Steps in a Virginia Divorce
“Virginia is for lovers” is the slogan millions of people have come to know since 1969. It has been the official tourism slogan of Virginia since its debut. But, living in Virginia does not exempt you from having marital problems. If you are considering filing for divorce in Virginia it is important to know the steps involved so nothing comes as a surprise. You will also want to speak with an experienced divorce attorney as soon as you decide about your future, so you can get the process started.
Proving Virginia Residency
It is required under Virginia law that the spouse who is asking for the divorce has lived in the commonwealth for at least six months before filing. You will need to provide proof of your residency by visiting the Circuit Court that has jurisdiction over where you live in Virginia. After you have provided proof of residency, you can file for divorce in the same Circuit Court.
Figure Out Eligibility for an Uncontested Divorce
If you and your spouse agree on most or all of the important issues that must be resolved, you may be able to seek an uncontested divorce. These issues may include alimony, child support, child custody, division of assets, division of debts, and who keeps the family home. Agreeing on these items does not automatically qualify you for an uncontested divorce.
If there are minor children in the marriage, you and your spouse must have lived apart for at least one year. If there are no common children between you, the requirement to live apart from each other is just six months. Both of these cases require you to have a separation agreement in place prior to filing for the divorce.
Requirements Needed to Have the Divorce Heard
After you have confirmed you meet the requirements mentioned in the previous sections, you can file a bill of complaint with the appropriate Circuit Court. This document should include all of the following information:
- Residency information for both spouses;
- Date and location of original marriage;
- Names and dates of birth for all children who are minors;
- A statement, in writing, that says both of you are at least 18 and of sound mind;
- Proof of military service (if applicable);
- A statement, in writing, that both spouses are not incarcerated;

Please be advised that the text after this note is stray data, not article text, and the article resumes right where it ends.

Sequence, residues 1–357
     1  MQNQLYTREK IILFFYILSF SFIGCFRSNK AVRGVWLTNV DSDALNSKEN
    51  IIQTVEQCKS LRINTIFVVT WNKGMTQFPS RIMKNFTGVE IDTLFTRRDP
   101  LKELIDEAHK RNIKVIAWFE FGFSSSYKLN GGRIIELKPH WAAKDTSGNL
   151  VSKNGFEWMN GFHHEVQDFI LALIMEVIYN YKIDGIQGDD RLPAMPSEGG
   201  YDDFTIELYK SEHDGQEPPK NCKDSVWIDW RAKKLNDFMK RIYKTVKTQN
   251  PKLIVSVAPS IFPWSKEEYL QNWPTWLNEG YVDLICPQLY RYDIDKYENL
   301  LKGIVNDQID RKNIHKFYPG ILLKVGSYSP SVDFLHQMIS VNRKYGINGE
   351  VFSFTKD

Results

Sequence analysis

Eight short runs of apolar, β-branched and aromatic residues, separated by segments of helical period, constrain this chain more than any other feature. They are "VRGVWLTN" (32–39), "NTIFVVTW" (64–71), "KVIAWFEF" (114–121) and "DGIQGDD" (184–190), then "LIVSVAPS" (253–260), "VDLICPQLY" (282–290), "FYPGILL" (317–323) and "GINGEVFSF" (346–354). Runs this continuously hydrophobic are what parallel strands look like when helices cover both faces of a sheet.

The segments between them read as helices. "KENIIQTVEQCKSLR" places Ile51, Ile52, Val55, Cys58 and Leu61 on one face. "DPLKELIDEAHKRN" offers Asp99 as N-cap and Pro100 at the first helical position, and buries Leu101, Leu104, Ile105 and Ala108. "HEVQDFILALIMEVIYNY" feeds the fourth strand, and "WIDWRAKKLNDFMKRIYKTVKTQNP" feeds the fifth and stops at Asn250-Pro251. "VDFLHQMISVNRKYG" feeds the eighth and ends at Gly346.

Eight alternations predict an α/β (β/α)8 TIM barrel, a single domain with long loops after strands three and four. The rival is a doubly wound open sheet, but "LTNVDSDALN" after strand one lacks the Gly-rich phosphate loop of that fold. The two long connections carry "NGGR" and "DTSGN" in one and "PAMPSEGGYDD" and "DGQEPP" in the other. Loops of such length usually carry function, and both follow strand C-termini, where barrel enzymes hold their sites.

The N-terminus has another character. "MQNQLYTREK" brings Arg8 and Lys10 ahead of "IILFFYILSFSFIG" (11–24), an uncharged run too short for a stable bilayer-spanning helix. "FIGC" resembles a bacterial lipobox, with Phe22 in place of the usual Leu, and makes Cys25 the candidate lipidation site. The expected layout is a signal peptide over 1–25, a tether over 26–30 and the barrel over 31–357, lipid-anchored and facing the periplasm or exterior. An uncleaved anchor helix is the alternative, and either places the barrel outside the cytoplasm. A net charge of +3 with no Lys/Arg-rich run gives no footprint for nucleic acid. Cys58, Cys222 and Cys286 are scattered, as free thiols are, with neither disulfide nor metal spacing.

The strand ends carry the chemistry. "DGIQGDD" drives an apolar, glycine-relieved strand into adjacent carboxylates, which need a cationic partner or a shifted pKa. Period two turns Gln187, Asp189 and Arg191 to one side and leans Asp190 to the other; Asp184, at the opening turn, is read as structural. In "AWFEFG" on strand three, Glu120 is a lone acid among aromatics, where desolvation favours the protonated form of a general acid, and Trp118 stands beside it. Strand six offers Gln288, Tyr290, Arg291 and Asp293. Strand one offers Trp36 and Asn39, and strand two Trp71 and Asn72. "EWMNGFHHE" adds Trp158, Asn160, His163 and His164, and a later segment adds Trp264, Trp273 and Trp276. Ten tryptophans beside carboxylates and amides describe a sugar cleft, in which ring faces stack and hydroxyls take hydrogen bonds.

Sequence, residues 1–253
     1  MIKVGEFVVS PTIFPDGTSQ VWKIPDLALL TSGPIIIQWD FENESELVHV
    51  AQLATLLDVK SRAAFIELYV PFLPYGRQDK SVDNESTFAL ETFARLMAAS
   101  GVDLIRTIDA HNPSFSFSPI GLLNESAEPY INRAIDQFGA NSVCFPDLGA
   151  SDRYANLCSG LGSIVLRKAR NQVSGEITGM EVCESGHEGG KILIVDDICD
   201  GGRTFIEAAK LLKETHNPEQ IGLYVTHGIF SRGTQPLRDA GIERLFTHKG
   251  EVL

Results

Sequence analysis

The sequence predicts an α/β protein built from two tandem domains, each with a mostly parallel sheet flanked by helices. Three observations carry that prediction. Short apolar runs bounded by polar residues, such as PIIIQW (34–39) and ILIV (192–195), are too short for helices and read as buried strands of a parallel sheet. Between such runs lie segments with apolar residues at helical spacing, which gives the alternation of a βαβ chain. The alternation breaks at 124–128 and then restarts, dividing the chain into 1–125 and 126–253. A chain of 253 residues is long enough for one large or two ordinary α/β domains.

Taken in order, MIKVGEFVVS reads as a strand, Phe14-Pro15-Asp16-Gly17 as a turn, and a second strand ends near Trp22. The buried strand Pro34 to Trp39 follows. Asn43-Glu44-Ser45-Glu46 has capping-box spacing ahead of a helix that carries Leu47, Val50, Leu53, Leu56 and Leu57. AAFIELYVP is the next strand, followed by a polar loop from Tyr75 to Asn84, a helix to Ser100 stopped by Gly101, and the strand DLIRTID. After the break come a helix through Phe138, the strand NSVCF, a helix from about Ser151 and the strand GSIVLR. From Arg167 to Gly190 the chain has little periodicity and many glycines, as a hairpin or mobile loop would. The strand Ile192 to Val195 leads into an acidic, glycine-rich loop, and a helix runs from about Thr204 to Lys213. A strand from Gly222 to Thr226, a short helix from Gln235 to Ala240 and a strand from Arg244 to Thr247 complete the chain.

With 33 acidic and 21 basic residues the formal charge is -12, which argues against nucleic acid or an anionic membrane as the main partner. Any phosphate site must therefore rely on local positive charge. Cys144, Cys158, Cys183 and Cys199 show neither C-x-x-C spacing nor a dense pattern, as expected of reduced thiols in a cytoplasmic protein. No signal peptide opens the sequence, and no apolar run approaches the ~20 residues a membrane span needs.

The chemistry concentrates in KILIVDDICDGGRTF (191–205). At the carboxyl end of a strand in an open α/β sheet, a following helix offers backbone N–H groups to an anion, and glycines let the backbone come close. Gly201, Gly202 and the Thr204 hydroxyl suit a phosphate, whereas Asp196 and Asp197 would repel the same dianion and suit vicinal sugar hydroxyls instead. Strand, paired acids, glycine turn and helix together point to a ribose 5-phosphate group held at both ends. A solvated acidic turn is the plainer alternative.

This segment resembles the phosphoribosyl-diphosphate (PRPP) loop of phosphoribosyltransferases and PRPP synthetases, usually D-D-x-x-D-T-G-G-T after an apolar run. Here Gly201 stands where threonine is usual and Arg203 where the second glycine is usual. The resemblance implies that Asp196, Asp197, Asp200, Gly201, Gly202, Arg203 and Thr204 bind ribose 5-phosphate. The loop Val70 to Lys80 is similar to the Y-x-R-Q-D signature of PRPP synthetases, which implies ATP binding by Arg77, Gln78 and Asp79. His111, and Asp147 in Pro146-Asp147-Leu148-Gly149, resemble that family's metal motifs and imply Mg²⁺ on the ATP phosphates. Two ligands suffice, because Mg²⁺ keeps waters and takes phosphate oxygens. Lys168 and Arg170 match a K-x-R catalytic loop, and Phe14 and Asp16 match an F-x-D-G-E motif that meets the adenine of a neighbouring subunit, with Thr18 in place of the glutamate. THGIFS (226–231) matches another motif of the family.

During this stage of the divorce process, you will also need to file a Form VS-4 with the Circuit Court. A case number will be assigned once the necessary forms have been filed.
Notify the Other Spouse
You must provide notice to your spouse about the divorce filing. When you provide the other spouse with a service of process, you must do it in the following manner:
- Copy of the complaint
- Court summons
- Any other documents filed with the court
You can serve your spouse the divorce notice by asking a third party to do so, such as the county sheriff, or you can do it yourself. Your spouse has 21 days from receipt of the paperwork to file their answer with the Circuit Court.
Choose Divorce Hearing Option
You can now choose how you want the divorce proceedings to be heard; oral hearing with a judge or divorce by deposition. If you choose a hearing, you will need to provide evidence of all the claims you made in the complaint filed with the Circuit Court. If you choose divorce by deposition, it means that one spouse cannot attend a hearing or that both of you have agreed on the important items that need to be divided or decided on related to alimony, child custody, child support and more.
Contact an Experienced Divorce Attorney Today
Are you ready to file for divorce in Virginia? Have you tried everything possible to save your marriage? If so, it’s time to speak to an experienced divorce attorney about your situation. Now that you know the steps involved in a Virginia divorce, call the office of St. John, Bowling, Lawrence & Quagliana, LLP at 434-296-7138 to schedule an appointment. You can also complete the contact form found on our website and someone will reach out to you as soon as possible to schedule your consultation.